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 \chap{As Easy as A-B-C? The Lojban Letteral System and Its Uses} \sect{What's a letteral, anyway?} James Cooke Brown, the founder of the Loglan Project, coined the word \q{letteral} (by analogy with \q{numeral}) to mean a letter of the alphabet, such as \q{f} or \q{z}. A typical example of its use might be \begin{example} There are fourteen occurrences of the letteral\n \T \q{e} in this sentence. \end{example} (Don't forget the one within quotation marks.) Using the word \q{letteral} avoids confusion with \q{letter}, the kind you write to someone. Not surprisingly, there is a Lojban gismu for \q{letteral}, namely \q{lerfu}, and this word will be used in the rest of this chapter. Lojban uses the Latin alphabet, just as English does, right? Then why is there a need for a chapter like this? After all, everyone who can read it already knows the alphabet. The answer is twofold: First, in English there are a set of words that correspond to and represent the English lerfu. These words are rarely written down in English and have no standard spellings, but if you pronounce the English alphabet to yourself you will hear them: ay, bee, cee, dee ... . They are used in spelling out words and in pronouncing most acronyms. The Lojban equivalents of these words are standardized and must be documented somehow. Second, English has names only for the lerfu used in writing English. (There are also English names for Greek and Hebrew lerfu: English-speakers usually refer to the Greek lerfu conventionally spelled \q{phi} as \q{fye}, whereas \q{fee} would more nearly represent the name used by Greek-speakers. Still, not all English-speakers know these English names.) Lojban, in order to be culturally neutral, needs a more comprehensive system that can handle, at least potentially, all of the world's alphabets and other writing systems. Letterals have several uses in Lojban: in forming acronyms and abbreviations, as mathematical symbols, and as pro-sumti --- the equivalent of English pronouns. In earlier writings about Lojban, there has been a tendency to use the word \q{lerfu} for both the letterals themselves and for the Lojban words which represent them. In this chapter, that tendency will be ruthlessly suppressed, and the term \q{lerfu word} will invariably be used for the latter. The Lojban equivalent would be \q{lerfu valsi} or \q{lervla}. \sect{A to Z in Lojban, plus one} The first requirement of a system of lerfu words for any language is that they must represent the lerfu used to write the language. The lerfu words for English are a motley crew: the relationship between \q{doubleyou} and \q{w} is strictly historical in nature; \q{aitch} represents \q{h} but has no clear relationship to it at all; and \q{z} has two distinct lerfu words, \q{zee} and \q{zed}, depending on the dialect of English in question. All of Lojban's basic lerfu words are made by one of three rules: \begin{description} \item[] to get a lerfu word for a vowel, add \q{bu}; to get a lerfu word for a consonant, add \q{y}; the lerfu word for \q{}' is \q{.y'y}. \end{description} Therefore, the following table represents the basic Lojban alphabet: ' a b c d e .y'y. .abu by. cy. dy. .ebu f g i j k l fy. gy. .ibu jy. ky. ly. m n o p r s my. ny. .obu py. ry. sy. t u v x y z ty. .ubu vy. xy. .ybu zy. There are several things to note about this table. The consonant lerfu words are a single syllable, whereas the vowel and \q{}' lerfu words are two syllables and must be preceded by pause (since they all begin with a vowel). Another fact, not evident from the table but important nonetheless, is that \q{by} and its like are single cmavo of selma'o BY, as is \q{.y'y}. The vowel lerfu words, on the other hand, are compound cmavo, made from a single vowel cmavo plus the cmavo \q{bu} (which belongs to its own selma'o, BU). All of the vowel cmavo have other meanings in Lojban (logical connectives, sentence separator, hesitation noise), but those meanings are irrelevant when \q{bu} follows. Here are some illustrations of common Lojban words spelled out using the alphabet above: \begin{example} ty. .abu ny. ry. .ubu\n \q{t} \q{a} \q{n} \q{r} \q{u} \end{example} \begin{example} ky. .obu .y'y. .abu\n \q{k} \q{o} \q{}' \q{a} \end{example} Spelling out words is less useful in Lojban than in English, for two reasons: Lojban spelling is phonemic, so there can be no real dispute about how a word is spelled; and the Lojban lerfu words sound more alike than the English ones do, since they are made up systematically. The English words \q{fail} and \q{vale} sound similar, but just hearing the first lerfu word of either, namely \q{eff} or \q{vee}, is enough to discriminate easily between them --- and even if the first lerfu word were somehow confused, neither \q{vail} nor \q{fale} is a word of ordinary English, so the rest of the spelling determines which word is meant. Still, the capability of spelling out words does exist in Lojban. Note that the lerfu words ending in \q{y} were written (in \exref{17.2.1} and \exref{17.2.2}) with pauses after them. It is not strictly necessary to pause after such lerfu words, but failure to do so can in some cases lead to ambiguities: \begin{example} mi cy. claxu\n I lerfu-\q{c} without\n I am without (whatever is referred to by)\n \T the letter \q{c}. \end{example} {\noindent}without a pause after \q{cy} would be interpreted as: \begin{example} micyclaxu\n (Observative:) doctor-without\n Something unspecified is without a doctor. \end{example} A safe guideline is to pause after any cmavo ending in \q{y} unless the next word is also a cmavo ending in \q{y}. The safest and easiest guideline is to pause after all of them. \sect{Upper and lower cases} Lojban doesn't use lower-case (small) letters and upper-case (capital) letters in the same way that English does; sentences do not begin with an upper-case letter, nor do names. However, upper-case letters are used in Lojban to mark irregular stress within names, thus: \begin{example} .iVAN.\n the name \q{Ivan} in Russian/Slavic pronunciation. \end{example} It would require far too many cmavo to assign one for each upper-case and one for each lower-case lerfu, so instead we have two special cmavo \q{ga'e} and \q{to'a} representing upper case and lower case respectively. They belong to the same selma'o as the basic lerfu words, namely BY, and they may be freely interspersed with them. The effect of \q{ga'e} is to change the interpretation of all lerfu words following it to be the upper-case version of the lerfu. An occurrence of \q{to'a} causes the interpretation to revert to lower case. Thus, \q{ga'e .abu} means not \q{a} but \q{A}, and Ivan's name may be spelled out thus: \begin{example} .ibu ga'e vy. .abu ny. to'a\n i \optional{upper} V A N [lower] \end{example} The cmavo and compound cmavo of this type will be called \q{shift words}. How long does a shift word last? Theoretically, until the next shift word that contradicts it or until the end of text. In practice, it is common to presume that a shift word is only in effect until the next word other than a lerfu word is found. It is often convenient to shift just a single letter to upper case. The cmavo \q{tau}, of selma'o LAU, is useful for the purpose. A LAU cmavo must always be immediately followed by a BY cmavo or its equivalent: the combination is grammatically equivalent to a single BY. (See \sectref{17.14} for details.) A likely use of \q{tau} is in the internationally standardized symbols for the chemical elements. Each element is represented using either a single upper-case lerfu or one upper-case lerfu followed by one lower-case lerfu: \begin{example} tau sy.\n \optional{single shift} S\n S (chemical symbol for sulfur) \end{example} \begin{example} tau sy. .ibu\n \optional{single shift} S i\n Si (chemical symbol for silicon) \end{example} If a shift to upper-case is in effect when \q{tau} appears, it shifts the next lerfu word only to lower case, reversing its usual effect. \sect{The universal \q{bu} } So far we have seen \q{bu} only as a suffix to vowel cmavo to produce vowel lerfu words. Originally, this was the only use of \q{bu}. In developing the lerfu word system, however, it proved to be useful to allow \q{bu} to be attached to any word whatsoever, in order to allow arbitrary extensions of the basic lerfu word set. Formally, \q{bu} may be attached to any single Lojban word. Compound cmavo do not count as words for this purpose. The special cmavo \q{ba'e}, \q{za'e}, \q{zei}, \q{zo}, \q{zoi}, \q{la'o}, \q{lo'u}, \q{si}, \q{sa}, \q{su}, and \q{fa'o} may not have \q{bu} attached, because they are interpreted before \q{bu} detection is done; in particular, \begin{example} zo bu\n the word \q{bu} \end{example} {\noindent}is needed when discussing \q{bu} in Lojban. It is also illegal to attach \q{bu} to itself, but more than one \q{bu} may be attached to a word; thus \q{.abubu} is legal, if ugly. (Its meaning is not defined, but it is presumably different from \q{.abu}.) It does not matter if the word is a cmavo, a cmene, or a brivla. All such words suffixed by \q{bu} are treated grammatically as if they were cmavo belonging to selma'o BY. However, if the word is a cmene it is always necessary to precede and follow it by a pause, because otherwise the cmene may absorb preceding or following words. The ability to attach \q{bu} to words has been used primarily to make names for various logograms and other unusual characters. For example, the Lojban name for the \q{happy face} is \q{.uibu}, based on the attitudinal \q{.ui} that means \q{happiness}. Likewise, the \q{smiley face}, written \q{:-)} and used on computer networks to indicate humor, is called \q{zo'obu} The existence of these names does not mean that you should insert \q{.uibu} into running Lojban text to indicate that you are happy, or \q{zo'obu} when something is funny; instead, use the appropriate attitudinal directly. Likewise, \q{joibu} represents the ampersand character, \q{\&', based on the cmavo joi} meaning \q{mixed and}. Many more such lerfu words will probably be invented in future. The \q{.} and \q{,} characters used in Lojbanic writing to represent pause and syllable break respectively have been assigned the lerfu words \q{denpa bu} (literally, \q{pause bu}) and \q{slaka bu} (literally, \q{syllable bu}). The written space is mandatory here, because \q{denpa} and \q{slaka} are normal gismu with normal stress: \q{denpabu} would be a fu'ivla (word borrowed from another language into Lojban) stressed \q{denPAbu}. No pause is required between \q{denpa} (or \q{slaka}) and \q{bu}, though. \sect{Alien alphabets} As stated in \sectref{17.1}, Lojban's goal of cultural neutrality demands a standard set of lerfu words for the lerfu of as many other writing systems as possible. When we meet these lerfu in written text (particularly, though not exclusively, mathematical text), we need a standard Lojbanic way to pronounce them. There are certainly hundreds of alphabets and other writing systems in use around the world, and it is probably an unachievable goal to create a single system which can express all of them, but if perfection is not demanded, a usable system can be created from the raw material which Lojban provides. One possibility would be to use the lerfu word associated with the language itself, Lojbanized and with \q{bu} added. Indeed, an isolated Greek \q{alpha} in running Lojban text is probably most easily handled by calling it \q{.alfas. bu}. Here the Greek lerfu word has been made into a Lojbanized name by adding \q{s} and then into a Lojban lerfu word by adding \q{bu}. Note that the pause after \q{.alfas.} is still needed. Likewise, the easiest way to handle the Latin letters \q{h}, \q{q}, and \q{w} that are not used in Lojban is by a consonant lerfu word with \q{bu} attached. The following assignments have been made: .y'y.bu h ky.bu q vy.bu w As an example, the English word \q{quack} would be spelled in Lojban thus: \begin{example} ky.bu .ubu .abu cy. ky.\n \q{q} \q{u} \q{a} \q{c} \q{k} \end{example} Note that the fact that the letter \q{c} in this word has nothing to do with the sound of the Lojban letter \q{c} is irrelevant; we are spelling an English word and English rules control the choice of letters, but we are speaking Lojban and Lojban rules control the pronunciations of those letters. A few more possibilities for Latin-alphabet letters used in languages other than English: ty.bu \th(thorn) dy.bu \&dh; (edh) However, this system is not ideal for all purposes. For one thing, it is verbose. The native lerfu words are often quite long, and with \q{bu} added they become even longer: the worst-case Greek lerfu word would be \q{.Omikron. bu}, with four syllables and two mandatory pauses. In addition, alphabets that are used by many languages have separate sets of lerfu words for each language, and which set is Lojban to choose? The alternative plan, therefore, is to use a shift word similar to those introduced in \sectref{17.3}. After the appearance of such a shift word, the regular lerfu words are re-interpreted to represent the lerfu of the alphabet now in use. After a shift to the Greek alphabet, for example, the lerfu word \q{ty} would represent not Latin \q{t} but Greek \q{tau}. Why \q{tau}? Because it is, in some sense, the closest counterpart of \q{t} within the Greek lerfu system. In principle it would be all right to map \q{ty.} to \q{phi} or even \q{omega}, but such an arbitrary relationship would be extremely hard to remember. Where no obvious closest counterpart exists, some more or less arbitrary choice must be made. Some alien lerfu may simply not have any shifted equivalent, forcing the speaker to fall back on a \q{bu} form. Since a \q{bu} form may mean different things in different alphabets, it is safest to employ a shift word even when \q{bu} forms are in use. Shifts for several alphabets have been assigned cmavo of selma'o BY: lo'a Latin/Roman/Lojban alphabet ge'o Greek alphabet je'o Hebrew alphabet jo'o Arabic alphabet ru'o Cyrillic alphabet The cmavo \q{zai} (of selma'o LAU) is used to create shift words to still other alphabets. The BY word which must follow any LAU cmavo would typically be a name representing the alphabet with \q{bu} suffixed: \begin{example} zai .devanagar. bu\n Devanagari (Hindi) alphabet \end{example} \begin{example} zai .katakan. bu\n Japanese katakana syllabary \end{example} \begin{example} zai .xiragan. bu\n Japanese hiragana syllabary \end{example} Unlike the cmavo above, these shift words have not been standardized and probably will not be until someone actually has a need for them. (Note the \q{.} characters marking leading and following pauses.) In addition, there may be multiple visible representations within a single alphabet for a given letter: roman vs. italics, handwriting vs. print, Bodoni vs. Helvetica. These traditional \q{font and face} distinctions are also represented by shift words, indicated with the cmavo \q{ce'a} (of selma'o LAU) and a following BY word: \begin{example} ce'a .xelveticas. bu\n Helvetica font \end{example} \begin{example} ce'a .xancisk. bu\n handwriting \end{example} \begin{example} ce'a .pavrel. bu\n 12-point font size \end{example} The cmavo \q{na'a} (of selma'o BY) is a universal shift-word cancel: it returns the interpretation of lerfu words to the default of lower-case Lojban with no specific font. It is more general than \q{lo'a}, which changes the alphabet only, potentially leaving font and case shifts in place. Several sections at the end of this chapter contain tables of proposed lerfu word assignments for various languages. \sect{Accent marks and compound lerfu words} Many languages that make use of the Latin alphabet add special marks to some of the lerfu they use. French, for example, uses three accent marks above vowels, called (in English) \q{acute}, \q{grave}, and \q{circumflex}. Likewise, German uses a mark called \q{umlaut}; a mark which looks the same is also used in French, but with a different name and meaning. These marks may be considered lerfu, and each has a corresponding lerfu word in Lojban. So far, no problem. But the marks appear over lerfu, whereas the words must be spoken (or written) either before or after the lerfu word representing the basic lerfu. Typewriters (for mechanical reasons) and the computer programs that emulate them usually require their users to type the accent mark before the basic lerfu, whereas in speech the accent mark is often pronounced afterwards (for example, in German \q{a umlaut} is preferred to umlaut a''). Lojban cannot settle this question by fiat. Either it must be left up to default interpretation depending on the language in question, or the lerfu-word compounding cmavo \q{tei} (of selma'o TEI) and \q{foi} (of selma'o FOI) must be used. These cmavo are always used in pairs; any number of lerfu words may appear between them, and the whole is treated as a single compound lerfu word. The French word \'{e}\'{e}', with acute accent marks on both \q{e} lerfu, could be spelled as: \begin{example} tei .ebu .akut. bu foi ty. tei .akut. bu .ebu foi\n ( \q{e} acute ) \q{t} ( acute \q{e} ) \end{example} {\noindent}and it does not matter whether \q{akut. bu} appears before or after \q{.ebu}; the \q{tei ... foi} grouping guarantees that the acute accent is associated with the correct lerfu. Of course, the level of precision represented by \exref{17.6.1} would rarely be required: it might be needed by a Lojban-speaker when spelling out a French word for exact transcription by another Lojban-speaker who did not know French. This system breaks down in languages which use more than one accent mark on a single lerfu; some other convention must be used for showing which accent marks are written where in that case. The obvious convention is to represent the mark nearest the basic lerfu by the lerfu word closest to the word representing the basic lerfu. Any remaining ambiguities must be resolved by further conventions not yet established. Some languages, like Swedish and Finnish, consider certain accented lerfu to be completely distinct from their unaccented equivalents, but Lojban does not make a formal distinction, since the printed characters look the same whether they are reckoned as separate letters or not. In addition, some languages consider certain 2-letter combinations (like \q{ll} and \q{ch} in Spanish) to be letters; this may be represented by enclosing the combination in \q{tei ... foi}. In addition, when discussing a specific language, it is permissible to make up new lerfu words, as long as they are either explained locally or well understood from context: thus Spanish \q{ll} or Croatian \q{lj} could be called \q{libu}, but that usage would not necessarily be universally understood. \sectref{17.19} contains a table of proposed lerfu words for some common accent marks. \sect{Punctuation marks} Lojban does not have punctuation marks as such: the denpa bu and the slaka bu are really a part of the alphabet. Other languages, however, use punctuation marks extensively. As yet, Lojban does not have any words for these punctuation marks, but a mechanism exists for devising them: the cmavo \q{lau} of selma'o LAU. \q{lau} must always be followed by a BY word; the interpretation of the BY word is changed from a lerfu to a punctuation mark. Typically, this BY word would be a name or brivla with a \q{bu} suffix. Why is \q{lau} necessary at all? Why not just use a \q{bu}-marked word and announce that it is always to be interpreted as a punctuation mark? Primarily to avoid ambiguity. The \q{bu} mechanism is extremely open-ended, and it is easy for Lojban users to make up \q{bu} words without bothering to explain what they mean. Using the \q{lau} cmavo flags at least the most important of such nonce lerfu words as having a special function: punctuation. (Exactly the same argument applies to the use of \q{zai} to signal an alphabet shift or \q{ce'a} to signal a font shift.) Since different alphabets require different punctuation marks, the interpretation of a \q{lau}-marked lerfu word is affected by the current alphabet shift and the current font shift. \sect{What about Chinese characters?} Chinese characters (\q{han4zi4} in Chinese, \q{kanji} in Japanese) represent an entirely different approach to writing from alphabets or syllabaries. (A syllabary, such as Japanese hiragana or Amharic writing, has one lerfu for each syllable of the spoken language.) Very roughly, Chinese characters represent single elements of meaning; also very roughly, they represent single syllables of spoken Chinese. There is in principle no limit to the number of Chinese characters that can exist, and many thousands are in regular use. It is hopeless for Lojban, with its limited lerfu and shift words, to create an alphabet which will match this diversity. However, there are various possible ways around the problem. First, both Chinese and Japanese have standard Latin-alphabet representations, known as \q{pinyin} for Chinese and \q{romaji} for Japanese, and these can be used. Thus, the word \q{han4zi4} is conventionally written with two characters, but it may be spelled out as: \begin{example} .y'y.bu .abu ny. vo zy. .ibu vo\n \q{h} \q{a} \q{n} 4 \q{z} \q{i} 4 \end{example} The cmavo \q{vo} is the Lojban digit \q{4}. It is grammatical to intersperse digits (of selma'o PA) into a string of lerfu words; as long as the first cmavo is a lerfu word, the whole will be interpreted as a string of lerfu words. In Chinese, the digits can be used to represent tones. Pinyin is more usually written using accent marks, the mechanism for which was explained in \sectref{17.6}. The Japanese company named \q{Mitsubishi} in English is spelled the same way in romaji, and could be spelled out in Lojban thus: \begin{example} my. .ibu ty. sy. .ubu by. .ibu sy. .y'y.bu .ibu\n \q{m} \q{i} \q{t} \q{s} \q{u} \q{b} \q{i} \q{s} \q{h} \q{i} \end{example} Alternatively, a really ambitious Lojbanist could assign lerfu words to the individual strokes used to write Chinese characters (there are about seven or eight of them if you are a flexible human being, or about 40 if you are a rigid computer program), and then represent each character with a \q{tei}, the stroke lerfu words in the order of writing (which is standardized for each character), and a \q{foi}. No one has as yet attempted this project. \sect{lerfu words as pro-sumti} So far, lerfu words have only appeared in Lojban text when spelling out words. There are several other grammatical uses of lerfu words within Lojban. In each case, a single lerfu word or more than one may be used. Therefore, the term \q{lerfu string} is introduced: it is short for sequence of one or more lerfu words''. A lerfu string may be used as a pro-sumti (a sumti which refers to some previous sumti), just like the pro-sumti \q{ko'a}, \q{ko'e}, and so on: \begin{example} .abu prami by.\n A loves B \end{example} In \exref{17.9.1}, \q{.abu} and \q{by.} represent specific sumti, but which sumti they represent must be inferred from context. Alternatively, lerfu strings may be assigned by \q{goi}, the regular pro-sumti assignment cmavo: \begin{example} le gerku goi gy. cu xekri .i gy. klama le zdani\n The dog, or G, is black. G goes to the house. \end{example} There is a special rule that sometimes makes lerfu strings more advantageous than the regular pro-sumti cmavo. If no assignment can be found for a lerfu string (especially a single lerfu word), it can be assumed to refer to the most recent sumti whose name or description begins in Lojban with that lerfu. So\exref{17.9.2} can be rephrased: \begin{example} le gerku cu xekri. .i gy. klama le zdani\n The dog is black. G goes to the house. \end{example} (A less literal English translation would use \q{D} for \q{dog} instead.) Here is an example using two names and longer lerfu strings: \begin{example} la stivn. mark. djonz. merko\n \T .i la .aleksandr. paliitc. kuzNIETsyf. rusko\n \T .i symyjy. tavla .abupyky. bau la lojban.\n Steven Mark Jones is-American.\n \T Alexander Pavlovitch Kuznetsov is-Russian.\n \T SMJ talks-to APK in Lojban. \end{example} Perhaps Alexander's name should be given as \q{ru'o.abupyky} instead. What about \begin{example} .abu dunda by. cy.\n A gives B C \end{example} Does this mean that A gives B to C? No. \q{by. cy.} is a single lerfu string, although written as two words, and represents a single pro-sumti. The true interpretation is that A gives BC to someone unspecified. To solve this problem, we need to introduce the elidable terminator \q{boi} (of selma'o BOI). This cmavo is used to terminate lerfu strings and also strings of numerals; it is required when two of these appear in a row, as here. (The other reason to use \q{boi} is to attach a free modifier --- subscript, parenthesis, or what have you --- to a lerfu string.) The correct version is: \begin{example} .abu \optional{boi} dunda by. boi cy. [boi]\n A gives B to C \end{example} {\noindent}where the two occurrences of \q{boi} in brackets are elidable, but the remaining occurrence is not. Likewise: \begin{example} xy. boi ro \optional{boi} prenu cu prami\n X all persons loves.\n X loves everybody. \end{example} {\noindent}requires the first \q{boi} to separate the lerfu string \q{xy.} from the digit string \q{ro}. \sect{References to lerfu} The rules of \sectref{17.9} make it impossible to use unmarked lerfu words to refer to lerfu themselves. In the sentence: \begin{example} .abu. cu lerfu\n A is-a-letteral. \end{example} {\noindent}the hearer would try to find what previous sumti \q{.abu} refers to. The solution to this problem makes use of the cmavo \q{me'o} of selma'o LI, which makes a lerfu string into a sumti representing that very string of lerfu. This use of \q{me'o} is a special case of its mathematical use, which is to introduce a mathematical expression used literally rather than for its value. \begin{example} me'o .abu cu lerfu\n the-expression \q{a} is-a-letteral. \end{example} Now we can translate \exref{17.1.1} into Lojban: \begin{example} dei vasru vo lerfu\n \T po'u me'o .ebu\n this-sentence contains four letterals\n \T which-are the-expression \q{e}.\n This sentence contains four \q{e}s. \end{example} Since the Lojban sentence has only four \q{e} lerfu rather than fourteen, the translation is not a literal one --- but \exref{17.10.4} is a Lojban truth just as \exref{17.1.1} is an English truth. Coincidentally, the colloquial English translation of \exref{17.10.4} is also true! The reader might be tempted to use quotation with lu ... li'u'' instead of \q{me'o}, producing: \phantomsection\label{html:e10d4.5} 10.4.5) lu .abu li'u cu lerfu \optional{quote} .abu [unquote] is-a-letteral. (The single-word quote \q{zo} cannot be used, because \q{.abu} is a compound cmavo.) But \exref{17.10.4} is false, because it says: \begin{example} The word \q{.abu} is a letteral \end{example} {\noindent}which is not the case; rather, the thing symbolized by the word \q{.abu} is a letteral. In Lojban, that would be: \begin{example} la'e lu .abu li'u cu lerfu\n The-referent-of \optional{quote} .abu [unquote] is-a-letteral. \end{example} {\noindent}which is correct. \sect{Mathematical uses of lerfu strings} This chapter is not about Lojban mathematics, which is explained in \chapref{18}, so the mathematical uses of lerfu strings will be listed and exemplified but not explained. A lerfu string as mathematical variable: \begin{example} li .abu du li by. su'i cy.\n the-number a equals the-number b plus c\n a = b + c \end{example} A lerfu string as function name (preceded by \q{ma'o} of selma'o MAhO): \begin{example} li .y.bu du li ma'o fy. boi xy.\n the-number y equals the number the-function f of x\n y = f(x) \end{example} Note the \q{boi} here to separate the lerfu strings \q{fy} and \q{xy}. A lerfu string as selbri (followed by a cmavo of selma'o MOI): \begin{example} le vi ratcu ny.moi le'i mi ratcu\n the here rat is-nth-of the-set-of my rats\n This rat is my Nth rat. \end{example} A lerfu string as utterance ordinal (followed by a cmavo of selma'o MAI): \begin{example} ny.mai\n Nthly \end{example} A lerfu string as subscript (preceded by \q{xi} of selma'o XI): \begin{example} xy. xi ky.\n x sub k \end{example} A lerfu string as quantifier (enclosed in \q{vei ... ve'o} parentheses): \begin{example} vei ny. \optional{ve'o} lo prenu\n ( \q{n} ) persons \end{example} The parentheses are required because \q{ny. lo prenu} would be two separate sumti, \q{ny.} and \q{lo prenu}. In general, any mathematical expression other than a simple number must be in parentheses when used as a quantifier; the right parenthesis mark, the cmavo \q{ve'o}, can usually be elided. All the examples above have exhibited single lerfu words rather than lerfu strings, in accordance with the conventions of ordinary mathematics. A longer lerfu string would still be treated as a single variable or function name: in Lojban, \q{.abu by. cy.} is not the multiplication \q{a x b x c} but is the variable \q{abc}. (Of course, a local convention could exist that made the value of a variable like \q{abc}, with a multi-lerfu-word name, equal to the values of the variables \q{a}, \q{b}, and \q{c} multiplied together.) There is a special rule about shift words in mathematical text: shifts within mathematical expressions do not affect lerfu words appearing outside \begin{description}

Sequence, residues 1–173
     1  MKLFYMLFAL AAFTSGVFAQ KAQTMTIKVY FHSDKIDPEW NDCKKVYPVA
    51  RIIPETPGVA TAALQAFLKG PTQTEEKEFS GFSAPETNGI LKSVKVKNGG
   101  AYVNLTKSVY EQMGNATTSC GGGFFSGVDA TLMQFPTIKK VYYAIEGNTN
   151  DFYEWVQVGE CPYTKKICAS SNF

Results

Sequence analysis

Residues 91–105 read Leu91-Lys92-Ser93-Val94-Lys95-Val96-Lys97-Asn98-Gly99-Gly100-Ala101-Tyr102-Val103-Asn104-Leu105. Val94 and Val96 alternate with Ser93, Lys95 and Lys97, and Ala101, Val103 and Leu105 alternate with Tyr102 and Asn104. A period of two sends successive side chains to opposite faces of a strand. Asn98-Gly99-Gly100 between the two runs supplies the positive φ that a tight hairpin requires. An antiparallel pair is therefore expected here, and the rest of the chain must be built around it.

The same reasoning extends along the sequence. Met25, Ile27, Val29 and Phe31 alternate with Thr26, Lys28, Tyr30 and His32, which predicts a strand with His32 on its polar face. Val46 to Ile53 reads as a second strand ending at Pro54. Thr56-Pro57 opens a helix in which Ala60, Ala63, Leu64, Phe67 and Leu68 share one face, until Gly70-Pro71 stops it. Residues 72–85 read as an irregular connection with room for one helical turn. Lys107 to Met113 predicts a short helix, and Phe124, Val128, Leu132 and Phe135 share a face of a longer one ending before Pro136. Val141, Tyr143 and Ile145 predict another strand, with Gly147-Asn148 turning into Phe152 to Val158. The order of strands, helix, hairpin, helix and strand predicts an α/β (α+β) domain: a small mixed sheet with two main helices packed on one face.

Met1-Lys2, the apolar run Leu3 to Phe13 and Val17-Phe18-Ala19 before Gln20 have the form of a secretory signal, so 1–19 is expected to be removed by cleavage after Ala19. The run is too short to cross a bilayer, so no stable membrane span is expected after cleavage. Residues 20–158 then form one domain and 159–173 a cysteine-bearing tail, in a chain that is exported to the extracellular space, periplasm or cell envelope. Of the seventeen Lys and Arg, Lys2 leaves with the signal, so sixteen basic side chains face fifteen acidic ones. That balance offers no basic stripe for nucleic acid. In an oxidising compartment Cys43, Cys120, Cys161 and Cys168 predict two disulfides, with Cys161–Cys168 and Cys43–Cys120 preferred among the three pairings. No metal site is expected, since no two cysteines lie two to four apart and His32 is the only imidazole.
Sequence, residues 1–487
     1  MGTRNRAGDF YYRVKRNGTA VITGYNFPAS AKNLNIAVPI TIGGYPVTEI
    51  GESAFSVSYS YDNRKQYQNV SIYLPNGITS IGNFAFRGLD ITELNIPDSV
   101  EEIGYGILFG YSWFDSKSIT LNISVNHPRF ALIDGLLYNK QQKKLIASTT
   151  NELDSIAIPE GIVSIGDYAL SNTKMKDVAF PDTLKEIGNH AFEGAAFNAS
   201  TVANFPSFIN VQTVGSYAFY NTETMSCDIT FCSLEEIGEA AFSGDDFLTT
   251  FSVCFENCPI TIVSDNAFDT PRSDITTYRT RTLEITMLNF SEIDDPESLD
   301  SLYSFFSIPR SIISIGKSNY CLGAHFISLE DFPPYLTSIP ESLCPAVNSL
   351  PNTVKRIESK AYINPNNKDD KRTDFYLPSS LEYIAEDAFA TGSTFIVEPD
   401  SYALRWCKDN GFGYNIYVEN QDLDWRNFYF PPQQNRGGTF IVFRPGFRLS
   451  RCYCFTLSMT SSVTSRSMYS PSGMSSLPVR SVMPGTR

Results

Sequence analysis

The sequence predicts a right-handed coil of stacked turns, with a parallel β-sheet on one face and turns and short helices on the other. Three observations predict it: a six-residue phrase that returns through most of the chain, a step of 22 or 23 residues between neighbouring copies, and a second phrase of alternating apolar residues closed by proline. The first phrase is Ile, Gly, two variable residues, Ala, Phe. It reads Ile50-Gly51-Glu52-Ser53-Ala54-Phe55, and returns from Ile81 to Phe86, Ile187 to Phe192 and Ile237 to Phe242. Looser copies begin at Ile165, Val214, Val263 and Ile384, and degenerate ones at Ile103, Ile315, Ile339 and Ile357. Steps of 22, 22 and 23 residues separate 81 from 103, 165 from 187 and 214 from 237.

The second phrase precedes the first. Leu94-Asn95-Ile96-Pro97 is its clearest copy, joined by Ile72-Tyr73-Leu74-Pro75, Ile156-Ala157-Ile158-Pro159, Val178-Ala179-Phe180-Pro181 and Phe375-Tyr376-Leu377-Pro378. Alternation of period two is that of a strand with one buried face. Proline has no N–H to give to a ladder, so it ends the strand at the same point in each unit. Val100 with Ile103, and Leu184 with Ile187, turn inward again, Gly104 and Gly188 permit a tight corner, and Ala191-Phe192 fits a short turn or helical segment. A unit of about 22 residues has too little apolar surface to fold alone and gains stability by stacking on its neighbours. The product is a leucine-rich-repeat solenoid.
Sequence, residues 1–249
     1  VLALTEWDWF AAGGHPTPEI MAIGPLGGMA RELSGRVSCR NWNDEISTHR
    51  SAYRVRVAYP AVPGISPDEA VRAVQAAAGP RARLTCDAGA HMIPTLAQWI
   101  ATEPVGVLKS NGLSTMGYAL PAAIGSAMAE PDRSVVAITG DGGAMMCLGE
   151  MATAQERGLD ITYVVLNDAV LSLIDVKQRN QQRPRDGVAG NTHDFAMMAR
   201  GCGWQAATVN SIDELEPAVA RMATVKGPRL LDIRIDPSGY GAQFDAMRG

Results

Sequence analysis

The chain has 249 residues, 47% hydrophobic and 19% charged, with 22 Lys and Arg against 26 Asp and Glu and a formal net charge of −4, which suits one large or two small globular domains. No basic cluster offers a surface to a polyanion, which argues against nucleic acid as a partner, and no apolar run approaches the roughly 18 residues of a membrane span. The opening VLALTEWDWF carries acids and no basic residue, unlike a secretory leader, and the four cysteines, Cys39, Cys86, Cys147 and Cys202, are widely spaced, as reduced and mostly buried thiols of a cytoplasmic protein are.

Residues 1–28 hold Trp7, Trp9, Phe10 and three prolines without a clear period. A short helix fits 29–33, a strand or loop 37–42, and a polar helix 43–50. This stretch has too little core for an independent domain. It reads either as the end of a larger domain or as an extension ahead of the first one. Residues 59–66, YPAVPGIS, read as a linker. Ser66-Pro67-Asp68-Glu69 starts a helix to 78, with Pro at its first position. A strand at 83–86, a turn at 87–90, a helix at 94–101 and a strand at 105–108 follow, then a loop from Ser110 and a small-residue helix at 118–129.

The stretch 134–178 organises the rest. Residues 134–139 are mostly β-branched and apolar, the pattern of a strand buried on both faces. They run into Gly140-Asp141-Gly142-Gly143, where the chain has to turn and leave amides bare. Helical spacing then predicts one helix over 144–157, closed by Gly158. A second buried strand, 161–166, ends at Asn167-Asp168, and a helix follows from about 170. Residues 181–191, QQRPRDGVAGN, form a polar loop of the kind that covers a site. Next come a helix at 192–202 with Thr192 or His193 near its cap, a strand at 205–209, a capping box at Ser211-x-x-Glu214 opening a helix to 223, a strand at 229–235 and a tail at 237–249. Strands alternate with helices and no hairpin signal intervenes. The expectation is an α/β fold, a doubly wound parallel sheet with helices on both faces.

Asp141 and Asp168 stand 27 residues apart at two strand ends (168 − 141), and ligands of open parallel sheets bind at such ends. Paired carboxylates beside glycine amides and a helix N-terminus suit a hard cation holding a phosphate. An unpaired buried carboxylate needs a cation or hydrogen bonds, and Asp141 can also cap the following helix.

mathematical expressions, and vice versa.